August 8, 2022

The Other Digital Divide

Long and well-written articleby Drew Clark and Bara Vaida in the National Journal’s Tech Daily, about the history of the current Hollywood vs. Silicon Valley battle over copy protection. If you’re still coming up to speed on this issue, the article is a great scene-setter. Even if you know the issue well, you still might learn a thing or two.

My favorite telling detail:

Valenti warned that the Hollings approach “might be what had to happen.”

No, the tech executives said, a process to resolve differences between the two industries was already in place: the technical working group formed in 1996. But Valenti wanted a CEO-level dialogue, not another meeting of the engineers.

Dilbert fans will recognize this as a classic Pointy-Haired Boss tactic: “We can’t solve this engineering problem. Maybe if we kick the engineers out of the room we can solve it faster.”

"Peer to Peer" in the Berman-Coble Bill

Yesterday’s defense of the Berman-Coble bill resurrected the argument that the bill only hurts the bad guys, because it authorizes hacking only of peer to peer file trading networks. And we all know that “Decentralized P2P networks were designed specifically (and ingeniously) to thwart suits for copyright infringement by ensuring there is no central service to sue.”

Let’s look at the bill’s definition:

‘peer to peer file trading network’ means two or more computers which are connected by computer software that–
(A) is primarily designed to – (i) enable the connected computers to transmit files or data to other connected computers; (ii) enable the connected computers to request the transmission of files or data from other connected computers; and (iii) enable the designation of files or data on the connected computers as available for transmission; and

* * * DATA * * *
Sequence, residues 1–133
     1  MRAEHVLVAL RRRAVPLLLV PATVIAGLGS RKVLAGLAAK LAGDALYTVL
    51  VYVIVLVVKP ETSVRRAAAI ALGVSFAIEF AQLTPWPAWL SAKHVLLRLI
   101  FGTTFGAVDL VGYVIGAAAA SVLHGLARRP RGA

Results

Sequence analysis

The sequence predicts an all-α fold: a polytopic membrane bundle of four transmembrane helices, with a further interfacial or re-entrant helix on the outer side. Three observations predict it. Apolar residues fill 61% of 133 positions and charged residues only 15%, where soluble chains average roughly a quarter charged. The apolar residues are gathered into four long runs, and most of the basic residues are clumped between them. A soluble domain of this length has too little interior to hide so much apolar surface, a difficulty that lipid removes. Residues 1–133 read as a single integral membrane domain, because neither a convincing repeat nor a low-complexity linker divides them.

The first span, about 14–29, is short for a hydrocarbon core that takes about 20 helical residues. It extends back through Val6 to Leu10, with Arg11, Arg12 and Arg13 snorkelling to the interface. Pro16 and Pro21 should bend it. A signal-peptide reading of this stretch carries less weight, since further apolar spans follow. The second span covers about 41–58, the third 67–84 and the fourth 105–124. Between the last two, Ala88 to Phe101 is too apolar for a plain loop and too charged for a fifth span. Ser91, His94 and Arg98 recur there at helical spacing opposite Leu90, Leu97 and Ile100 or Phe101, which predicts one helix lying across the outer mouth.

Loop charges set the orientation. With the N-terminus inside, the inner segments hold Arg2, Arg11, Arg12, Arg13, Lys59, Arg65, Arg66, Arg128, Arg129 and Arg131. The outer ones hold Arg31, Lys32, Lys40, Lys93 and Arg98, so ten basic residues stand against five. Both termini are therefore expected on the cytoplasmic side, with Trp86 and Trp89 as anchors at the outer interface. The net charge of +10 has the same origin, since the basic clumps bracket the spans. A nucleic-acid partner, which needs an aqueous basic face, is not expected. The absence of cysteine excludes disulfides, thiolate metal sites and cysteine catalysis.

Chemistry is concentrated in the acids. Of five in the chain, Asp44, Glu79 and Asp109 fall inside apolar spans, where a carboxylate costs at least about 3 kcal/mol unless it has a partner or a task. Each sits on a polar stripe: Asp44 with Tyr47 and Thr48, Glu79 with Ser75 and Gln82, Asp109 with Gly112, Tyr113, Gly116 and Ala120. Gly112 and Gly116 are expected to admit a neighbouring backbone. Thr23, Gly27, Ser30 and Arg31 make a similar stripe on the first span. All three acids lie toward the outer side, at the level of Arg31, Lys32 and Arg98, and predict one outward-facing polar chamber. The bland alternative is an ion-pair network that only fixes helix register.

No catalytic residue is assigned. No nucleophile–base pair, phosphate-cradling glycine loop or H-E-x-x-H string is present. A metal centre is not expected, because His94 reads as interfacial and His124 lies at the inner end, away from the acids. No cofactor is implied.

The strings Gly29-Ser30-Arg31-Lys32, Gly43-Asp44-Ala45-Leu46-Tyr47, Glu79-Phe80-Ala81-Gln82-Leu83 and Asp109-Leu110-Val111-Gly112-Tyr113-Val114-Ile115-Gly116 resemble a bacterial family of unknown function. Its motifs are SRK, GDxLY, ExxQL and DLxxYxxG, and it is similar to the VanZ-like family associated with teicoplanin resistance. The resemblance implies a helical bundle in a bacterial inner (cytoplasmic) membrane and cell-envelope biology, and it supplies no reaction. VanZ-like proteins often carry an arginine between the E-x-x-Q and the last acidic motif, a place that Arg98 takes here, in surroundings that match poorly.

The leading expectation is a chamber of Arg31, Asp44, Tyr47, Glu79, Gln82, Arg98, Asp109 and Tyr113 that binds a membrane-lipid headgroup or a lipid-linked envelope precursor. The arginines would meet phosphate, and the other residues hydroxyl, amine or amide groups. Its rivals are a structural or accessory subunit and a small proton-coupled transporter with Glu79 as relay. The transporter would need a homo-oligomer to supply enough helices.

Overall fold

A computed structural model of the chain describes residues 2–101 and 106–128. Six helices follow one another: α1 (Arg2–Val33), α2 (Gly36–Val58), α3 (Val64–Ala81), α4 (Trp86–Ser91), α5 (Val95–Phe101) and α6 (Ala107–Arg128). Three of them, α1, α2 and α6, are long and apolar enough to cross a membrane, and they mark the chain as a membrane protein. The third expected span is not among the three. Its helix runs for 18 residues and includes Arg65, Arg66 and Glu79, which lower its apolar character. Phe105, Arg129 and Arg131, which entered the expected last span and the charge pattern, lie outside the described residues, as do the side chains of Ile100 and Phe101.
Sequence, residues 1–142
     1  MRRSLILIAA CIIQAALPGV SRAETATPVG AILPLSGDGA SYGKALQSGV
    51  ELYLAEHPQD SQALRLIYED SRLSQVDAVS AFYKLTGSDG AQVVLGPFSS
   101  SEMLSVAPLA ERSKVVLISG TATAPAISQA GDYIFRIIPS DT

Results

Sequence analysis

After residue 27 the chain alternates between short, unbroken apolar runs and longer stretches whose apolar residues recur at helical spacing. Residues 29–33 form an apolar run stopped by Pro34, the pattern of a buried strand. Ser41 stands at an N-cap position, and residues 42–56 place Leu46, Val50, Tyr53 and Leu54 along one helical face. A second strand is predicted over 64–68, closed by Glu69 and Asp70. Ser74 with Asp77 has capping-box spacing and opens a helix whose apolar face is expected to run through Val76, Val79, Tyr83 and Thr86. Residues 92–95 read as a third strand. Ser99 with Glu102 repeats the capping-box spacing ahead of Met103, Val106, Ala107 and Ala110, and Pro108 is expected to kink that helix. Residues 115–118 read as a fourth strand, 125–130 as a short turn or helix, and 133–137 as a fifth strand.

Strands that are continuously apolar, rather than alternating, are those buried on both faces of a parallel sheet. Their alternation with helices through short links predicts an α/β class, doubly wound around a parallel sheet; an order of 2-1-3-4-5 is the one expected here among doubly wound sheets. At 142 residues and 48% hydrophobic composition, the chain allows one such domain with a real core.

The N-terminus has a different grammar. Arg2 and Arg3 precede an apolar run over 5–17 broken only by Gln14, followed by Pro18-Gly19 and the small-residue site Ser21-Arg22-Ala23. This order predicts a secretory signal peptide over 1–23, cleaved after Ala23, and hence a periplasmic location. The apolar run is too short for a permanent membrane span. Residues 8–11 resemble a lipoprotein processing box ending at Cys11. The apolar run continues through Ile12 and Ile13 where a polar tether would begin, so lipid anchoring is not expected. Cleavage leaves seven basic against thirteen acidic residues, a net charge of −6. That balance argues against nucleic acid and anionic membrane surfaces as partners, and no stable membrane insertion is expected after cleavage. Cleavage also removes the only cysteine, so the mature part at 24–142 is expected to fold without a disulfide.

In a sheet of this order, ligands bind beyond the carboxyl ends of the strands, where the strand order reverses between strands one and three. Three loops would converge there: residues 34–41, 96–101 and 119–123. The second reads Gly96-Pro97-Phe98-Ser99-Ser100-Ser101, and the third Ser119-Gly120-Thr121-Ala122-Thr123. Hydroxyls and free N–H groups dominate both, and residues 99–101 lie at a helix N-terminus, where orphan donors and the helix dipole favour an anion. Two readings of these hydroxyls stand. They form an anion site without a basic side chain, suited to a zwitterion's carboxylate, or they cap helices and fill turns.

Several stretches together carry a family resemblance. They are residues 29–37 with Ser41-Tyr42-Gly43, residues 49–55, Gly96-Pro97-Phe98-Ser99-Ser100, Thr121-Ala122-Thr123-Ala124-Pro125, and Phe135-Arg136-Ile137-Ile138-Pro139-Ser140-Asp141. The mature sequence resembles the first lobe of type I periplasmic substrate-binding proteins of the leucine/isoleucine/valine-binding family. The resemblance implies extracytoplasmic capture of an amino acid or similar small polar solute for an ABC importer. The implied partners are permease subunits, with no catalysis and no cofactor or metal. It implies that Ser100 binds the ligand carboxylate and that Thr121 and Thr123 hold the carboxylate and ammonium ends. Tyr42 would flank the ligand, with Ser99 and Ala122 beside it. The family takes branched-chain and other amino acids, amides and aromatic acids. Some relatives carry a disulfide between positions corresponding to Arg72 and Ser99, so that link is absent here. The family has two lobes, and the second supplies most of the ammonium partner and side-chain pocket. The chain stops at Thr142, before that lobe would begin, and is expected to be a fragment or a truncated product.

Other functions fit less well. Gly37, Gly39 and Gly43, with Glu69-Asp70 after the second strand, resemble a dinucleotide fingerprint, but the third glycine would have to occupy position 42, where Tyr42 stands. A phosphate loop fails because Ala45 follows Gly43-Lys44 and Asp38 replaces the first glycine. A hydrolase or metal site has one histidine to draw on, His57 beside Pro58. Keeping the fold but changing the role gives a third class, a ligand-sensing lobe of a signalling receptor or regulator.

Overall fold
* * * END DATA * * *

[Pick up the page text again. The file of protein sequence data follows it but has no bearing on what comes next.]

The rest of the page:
(B) does not permanently route all file or data inquiries or searches through a designated, central computer located in the United States;

The definition clearly includes non-controversial technologies, such as the Web itself, that were not designed with copyright infringement in mind.

This is not just an easily-fixed bug in the bill’s definition. Instead, it reflects the fact that the Internet’s design philosophy is based on a peer to peer model in which anyone can send anything to anybody. The big-central-server design of a system like Napster is the historical exception; peer to peer is the rule.

I don’t see an easy way to rewrite the definition to draw a clear technical line between “bad” peer to peer technologies and “good” ones.

What's That "Followups" Link?

You may have noticed the small “Followups” link at the bottom of recent entries in this blog. That’s a feature called TrackBack. (The link previously said “TrackBack” but I’ve changed it to “Followups” since that seems a more intuitive name.) Kieran Healy offers a nice explanation of the TrackBack feature.

If you’re a reader, the Followups link lets you read what other people have written (in their own blogs) about an entry.

If you have your own blog, you can use the TrackBack feature to add yourself to that list, so readers of my blog (including me) can find your commentary. If you use Movable Type, just turn on TrackBack and the rest is easy. If you use another blogging tool, ask your tool author to add TrackBack support.